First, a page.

Suffolk face at Assembly

Published 6:37 pm Saturday, January 2, 2010

When the Virginia General Assembly convenes for its 2010 session on Jan. 13, there will be a new Suffolk face among those moving in and out of the legislative chambers and offices.

But when Fletcher Stephens heads to Richmond, he won’t be there to vote on legislation or meet with lobbyists. As a page in the General Assembly, the 14-year-old will have more basic duties — delivering messages, running paperwork between offices, running errands and the like.

For some of the young participants in the page program, it will be their first exposure to the political process.

But Fletcher, known as Kyle to parents Robert and Karen Stephens, has been around politics all his life. Photos of Fletcher and his dad with state and national political figures adorn the walls of both his bedroom and his father’s study.

“It’s fun and inspiring to meet famous people,” the young teen says. “It kind of tells me that if they can do it, I can, too.”

And that’s the message he wants to send to his friends and others from his peer group as he prepares to leave home for a two-month stay in Richmond: “If you go for something and if you want to do it as much as you say you want to do it, then you can do it.”

Confidence and the power of positive thinking — not to mention hard work — are among the foundational ideals of the Stephens household. There’s also an awareness that God is ultimately the one in control of the family members’ lives.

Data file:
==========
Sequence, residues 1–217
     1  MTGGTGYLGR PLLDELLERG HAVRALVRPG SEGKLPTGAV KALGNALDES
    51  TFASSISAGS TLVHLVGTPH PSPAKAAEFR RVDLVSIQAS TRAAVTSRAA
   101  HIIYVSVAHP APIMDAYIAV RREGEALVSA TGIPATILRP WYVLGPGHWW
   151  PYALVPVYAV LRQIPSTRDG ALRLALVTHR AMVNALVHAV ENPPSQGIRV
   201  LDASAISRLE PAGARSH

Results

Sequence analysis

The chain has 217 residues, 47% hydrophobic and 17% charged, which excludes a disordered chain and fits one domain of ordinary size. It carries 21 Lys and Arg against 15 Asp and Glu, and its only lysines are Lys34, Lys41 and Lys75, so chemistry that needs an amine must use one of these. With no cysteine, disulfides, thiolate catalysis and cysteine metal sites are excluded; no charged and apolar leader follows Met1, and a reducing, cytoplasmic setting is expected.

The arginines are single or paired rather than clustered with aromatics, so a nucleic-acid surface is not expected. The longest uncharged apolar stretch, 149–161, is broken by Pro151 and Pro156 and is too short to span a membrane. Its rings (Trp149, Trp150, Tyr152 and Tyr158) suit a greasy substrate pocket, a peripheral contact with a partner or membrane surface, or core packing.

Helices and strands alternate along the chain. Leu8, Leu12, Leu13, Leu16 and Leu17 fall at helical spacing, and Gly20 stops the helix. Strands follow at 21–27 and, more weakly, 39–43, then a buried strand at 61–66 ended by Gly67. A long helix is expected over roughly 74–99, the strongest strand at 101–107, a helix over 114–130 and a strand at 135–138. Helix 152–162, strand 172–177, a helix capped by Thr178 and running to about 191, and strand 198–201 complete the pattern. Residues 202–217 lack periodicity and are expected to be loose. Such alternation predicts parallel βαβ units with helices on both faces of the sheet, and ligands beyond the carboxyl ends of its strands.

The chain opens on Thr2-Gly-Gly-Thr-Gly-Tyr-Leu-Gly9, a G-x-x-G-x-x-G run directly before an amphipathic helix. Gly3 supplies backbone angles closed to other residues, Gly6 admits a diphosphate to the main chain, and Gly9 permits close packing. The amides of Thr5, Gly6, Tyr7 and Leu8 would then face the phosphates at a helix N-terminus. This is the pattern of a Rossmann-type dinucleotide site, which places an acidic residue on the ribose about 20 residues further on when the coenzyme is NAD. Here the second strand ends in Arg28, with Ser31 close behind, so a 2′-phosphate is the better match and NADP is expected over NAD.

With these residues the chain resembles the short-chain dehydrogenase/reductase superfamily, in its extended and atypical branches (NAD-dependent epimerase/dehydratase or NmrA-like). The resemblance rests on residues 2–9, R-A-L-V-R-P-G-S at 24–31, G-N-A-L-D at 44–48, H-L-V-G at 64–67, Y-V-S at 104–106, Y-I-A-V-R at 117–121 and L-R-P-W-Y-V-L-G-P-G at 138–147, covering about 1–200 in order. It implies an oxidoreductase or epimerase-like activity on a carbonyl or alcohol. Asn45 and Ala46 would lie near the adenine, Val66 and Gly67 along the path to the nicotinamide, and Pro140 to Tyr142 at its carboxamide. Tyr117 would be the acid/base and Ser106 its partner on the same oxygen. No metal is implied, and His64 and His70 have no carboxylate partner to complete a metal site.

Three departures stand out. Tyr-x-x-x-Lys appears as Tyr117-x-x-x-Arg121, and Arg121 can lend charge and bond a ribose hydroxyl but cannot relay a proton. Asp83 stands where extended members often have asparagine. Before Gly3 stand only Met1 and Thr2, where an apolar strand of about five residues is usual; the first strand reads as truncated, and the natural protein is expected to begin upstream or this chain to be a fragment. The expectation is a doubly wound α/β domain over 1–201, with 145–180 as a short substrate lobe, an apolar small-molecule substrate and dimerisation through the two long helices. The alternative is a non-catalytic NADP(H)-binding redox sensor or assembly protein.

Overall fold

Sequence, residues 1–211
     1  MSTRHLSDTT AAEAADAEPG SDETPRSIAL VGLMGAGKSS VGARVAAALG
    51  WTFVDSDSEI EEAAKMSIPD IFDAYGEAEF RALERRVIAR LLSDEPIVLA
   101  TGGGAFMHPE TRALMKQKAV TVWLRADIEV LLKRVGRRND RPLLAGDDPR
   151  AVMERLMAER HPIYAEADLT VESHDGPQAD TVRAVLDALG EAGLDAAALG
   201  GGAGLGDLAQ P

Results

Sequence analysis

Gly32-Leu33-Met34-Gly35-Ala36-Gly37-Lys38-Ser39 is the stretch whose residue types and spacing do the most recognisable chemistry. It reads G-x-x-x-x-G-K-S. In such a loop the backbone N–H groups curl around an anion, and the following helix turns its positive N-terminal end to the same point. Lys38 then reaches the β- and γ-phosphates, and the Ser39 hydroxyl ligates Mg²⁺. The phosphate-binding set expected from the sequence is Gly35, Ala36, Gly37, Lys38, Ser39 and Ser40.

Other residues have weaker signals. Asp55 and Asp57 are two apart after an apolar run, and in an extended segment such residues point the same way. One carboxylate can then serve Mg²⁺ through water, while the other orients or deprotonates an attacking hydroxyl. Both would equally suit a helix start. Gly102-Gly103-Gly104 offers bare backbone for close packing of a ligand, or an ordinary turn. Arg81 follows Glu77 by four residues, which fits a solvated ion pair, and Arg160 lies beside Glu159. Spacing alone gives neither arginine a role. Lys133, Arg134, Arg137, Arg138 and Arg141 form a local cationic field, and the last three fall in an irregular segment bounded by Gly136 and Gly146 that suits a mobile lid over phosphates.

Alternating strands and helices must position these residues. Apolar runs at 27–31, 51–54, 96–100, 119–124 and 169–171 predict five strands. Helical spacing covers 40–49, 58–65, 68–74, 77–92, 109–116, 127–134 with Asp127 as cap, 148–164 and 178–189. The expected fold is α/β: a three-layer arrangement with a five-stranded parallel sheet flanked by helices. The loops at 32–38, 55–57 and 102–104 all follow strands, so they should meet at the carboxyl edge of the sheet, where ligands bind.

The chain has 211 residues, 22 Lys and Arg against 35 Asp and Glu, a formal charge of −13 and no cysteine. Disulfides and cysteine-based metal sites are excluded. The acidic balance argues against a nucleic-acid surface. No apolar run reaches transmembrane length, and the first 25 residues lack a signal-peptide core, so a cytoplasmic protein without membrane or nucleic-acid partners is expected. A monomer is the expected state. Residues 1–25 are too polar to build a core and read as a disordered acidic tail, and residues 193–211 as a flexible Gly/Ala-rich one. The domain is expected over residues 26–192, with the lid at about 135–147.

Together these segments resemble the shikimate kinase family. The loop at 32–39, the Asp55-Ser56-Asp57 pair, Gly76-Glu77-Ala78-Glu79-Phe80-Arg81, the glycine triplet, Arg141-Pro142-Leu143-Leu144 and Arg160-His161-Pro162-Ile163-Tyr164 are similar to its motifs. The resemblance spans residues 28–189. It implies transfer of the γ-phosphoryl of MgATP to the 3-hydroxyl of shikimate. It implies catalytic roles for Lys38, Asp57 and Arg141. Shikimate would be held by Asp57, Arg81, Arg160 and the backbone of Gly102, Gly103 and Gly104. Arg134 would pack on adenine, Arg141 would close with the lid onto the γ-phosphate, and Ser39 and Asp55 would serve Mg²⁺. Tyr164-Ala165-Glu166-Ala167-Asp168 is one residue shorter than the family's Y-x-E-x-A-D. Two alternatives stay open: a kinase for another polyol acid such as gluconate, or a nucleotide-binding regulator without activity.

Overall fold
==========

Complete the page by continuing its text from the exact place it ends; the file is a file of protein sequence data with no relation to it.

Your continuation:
That awareness is summed up in a question Robert Stephens said he has taught his son to ask himself as he has become involved in everything from community politics to Hollywood movie productions in recent years: “If God has a plan for you, why do you have one?”

Robert Stephens worked in the Clinton White House for years, and the former president keeps in touch with him, maintaining an avid interest in the younger Stephens’ studies and aspirations.

After the elder Stephens suffered a heart attack and he realized he needed to make some lifestyle changes and reduce his level of stress, the family moved to Chuckatuck from Lauren, Md., in 2006, and Fletcher is now a ninth-grade student at King’s Fork High School.

Here, they have attempted to adopt what Robert Stephens calls “a lifestyle of surrender.”

“Sometimes, if we get ourselves out of the way, it’s amazing what can come into your life,” he said.

Fletcher Stephens is a great example of that philosophy in action. Two years ago, he told a reporter he thought he’d like to be the first pro basketball player to become president of the United States. Since then, he has adjusted his goals, leaving the possibility of either former dream open while pursuing a newly developed interest in the law.

Serving as a General Assembly page could be steps toward achieving at least two of those three potential goals, but he still wasn’t sure it was something he wanted to do until he was accepted for the program. He really had hoped to play JV basketball this winter, but he didn’t make the team, so the door opened up to the experience in Richmond, and he decided to surrender to the opportunity.

Leaving school and friends for Richmond would be hard, he said. “But then I had to think about my future and my priorities. This will teach me independence and taking on new responsibilities on a different level.”

There also will be some political and social connections to be made, and it’s likely that a new photograph or two — showing Fletcher with more smiling politicians — will show up on the Stephens walls by the end of the winter.

Nobody knows where this experience might lead. But Fletcher and his parents have resolved to surrender to whatever is in store for them and to take advantage of the opportunities as they arise.